The recent past has seen an increase in the number of electric cars being manufactured and sold in the United states and around the globe. Infact, there has been an over 200 percent increase in the number of electric vehicles (EV) sold and manufactured in September 2019 alone!
The increased demand has been mostly due to the rising concern about the fast changing and devastating climatic conditions. However, the shift from traditional combustion engines has also raised various concerns due to not only the financial cost associated with the EV but also the environmental impact associated with driving in general.
The lingering question is are electric cars more damaging to the environment compared to traditional vehicles? Let’s have an in depth analysis of electric vehicles and answer this question
What are Electric Vehicles?
Generally , electric cars rely on electricity to power their motors. Electric vehicles must have a source of energy that produces enough torque and drive to make movement.
There are various types of electric vehicles; These types are classified as Plug-in, battery powered and conventional hybrids. Just as their names depict, These types of electric vehicles are rechargeable while conventional hybrids have a smaller gasoline engine that power the electric motor.
How are Electric Cars Made?
Electric vehicles are manufactured just like all other conventional cars. The only major difference lies in their design of the engine and chassis to enable the carrying of many batteries required to provide power. However, these methods vary from one manufacturer to another. You can not expect Tesla to be similar to Nissan Leaf!
Here is a video explaining how electric cars are made and work:
Now that we have understood how electric cars work, lets look at the environmental impact of manufacturing and using electric vehicles:
Environmental impact of Electric Cars
The popularity of electric cars is growing. As the demand increases, manufacturers are also creating newer and sleeky versions of their EV to claim their share of the market. There has a rising concern on the issues surrounding the use and manufacture of electric vehicles. These include.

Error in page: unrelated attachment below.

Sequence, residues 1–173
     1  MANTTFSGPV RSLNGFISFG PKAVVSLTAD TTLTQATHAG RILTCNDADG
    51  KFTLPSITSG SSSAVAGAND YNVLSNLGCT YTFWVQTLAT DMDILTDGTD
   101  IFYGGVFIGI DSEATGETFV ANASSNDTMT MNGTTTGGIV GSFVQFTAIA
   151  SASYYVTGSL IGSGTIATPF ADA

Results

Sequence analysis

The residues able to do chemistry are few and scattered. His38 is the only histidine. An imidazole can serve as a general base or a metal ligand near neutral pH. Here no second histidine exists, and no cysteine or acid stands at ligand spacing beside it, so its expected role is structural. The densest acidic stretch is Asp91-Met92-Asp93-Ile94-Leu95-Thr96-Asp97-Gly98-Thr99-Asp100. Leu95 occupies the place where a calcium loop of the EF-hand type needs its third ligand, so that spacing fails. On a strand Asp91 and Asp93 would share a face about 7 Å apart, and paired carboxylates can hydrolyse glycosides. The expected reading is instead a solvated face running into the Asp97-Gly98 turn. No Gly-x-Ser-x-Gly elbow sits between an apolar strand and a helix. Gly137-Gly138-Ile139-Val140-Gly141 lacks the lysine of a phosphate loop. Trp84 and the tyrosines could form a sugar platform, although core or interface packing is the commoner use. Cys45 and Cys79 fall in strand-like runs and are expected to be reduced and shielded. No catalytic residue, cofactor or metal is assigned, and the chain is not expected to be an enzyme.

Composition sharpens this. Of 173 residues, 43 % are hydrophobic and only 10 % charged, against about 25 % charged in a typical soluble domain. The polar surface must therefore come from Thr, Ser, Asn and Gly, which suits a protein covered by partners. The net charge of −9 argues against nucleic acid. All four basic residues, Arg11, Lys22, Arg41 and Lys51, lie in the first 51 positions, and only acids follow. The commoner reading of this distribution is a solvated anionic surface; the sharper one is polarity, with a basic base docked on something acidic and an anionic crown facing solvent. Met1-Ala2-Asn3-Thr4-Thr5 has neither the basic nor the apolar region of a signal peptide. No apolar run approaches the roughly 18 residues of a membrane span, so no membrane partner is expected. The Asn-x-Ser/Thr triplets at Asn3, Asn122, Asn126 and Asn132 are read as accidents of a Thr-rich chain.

Battery Production and Dumping
All vehicles require a battery to store energy for ignition, powering of lights and other electrical functions. However, these gasoline powered vehicles only require one or two batteries.
However, electric vehicles, especially , the rechargeable ones require many batteries to store the energy to power its motor.
According to reports by the International Council on Clean Transportation (ICTT), the process of battery production has significant carbon emissions and damage to the earth. Batteries are made from rare earth metals that are extracted from the oceans and crust leaving a degraded surface.
On the other hand, a single battery requires 300-700 megajoules of energy to be produced. Such a battery will continue to emit an average of 70-100 grammes of CO2 into the environment. A single Tesla packs a minimum of 7,104 lithium-ion battery cells! Researchers show that it takes twice the energy to produce an electric car compared to a normal car.
Also, the painstaking dumping of used batteries is proving to be a recycling nightmare.
Thus, every “green” mile completed in these vehicles contributes to the same carbon emissions we have been trying to reduce.
Despite the many hurdles experienced while trying to form the perfect electric car, they still produce a significantly less amount of emission compared to their non electric counterpart.
However, newer studies are proving that electric cars are causing more damage to the environment. In light of this, the future is still unprecedented. More research needs to be conducted and the viability of both electric and conventional vehicles weighed.
For now, electric cars may be the best chance to save the planet, but still don’t disregard that 4 stroke engine yet!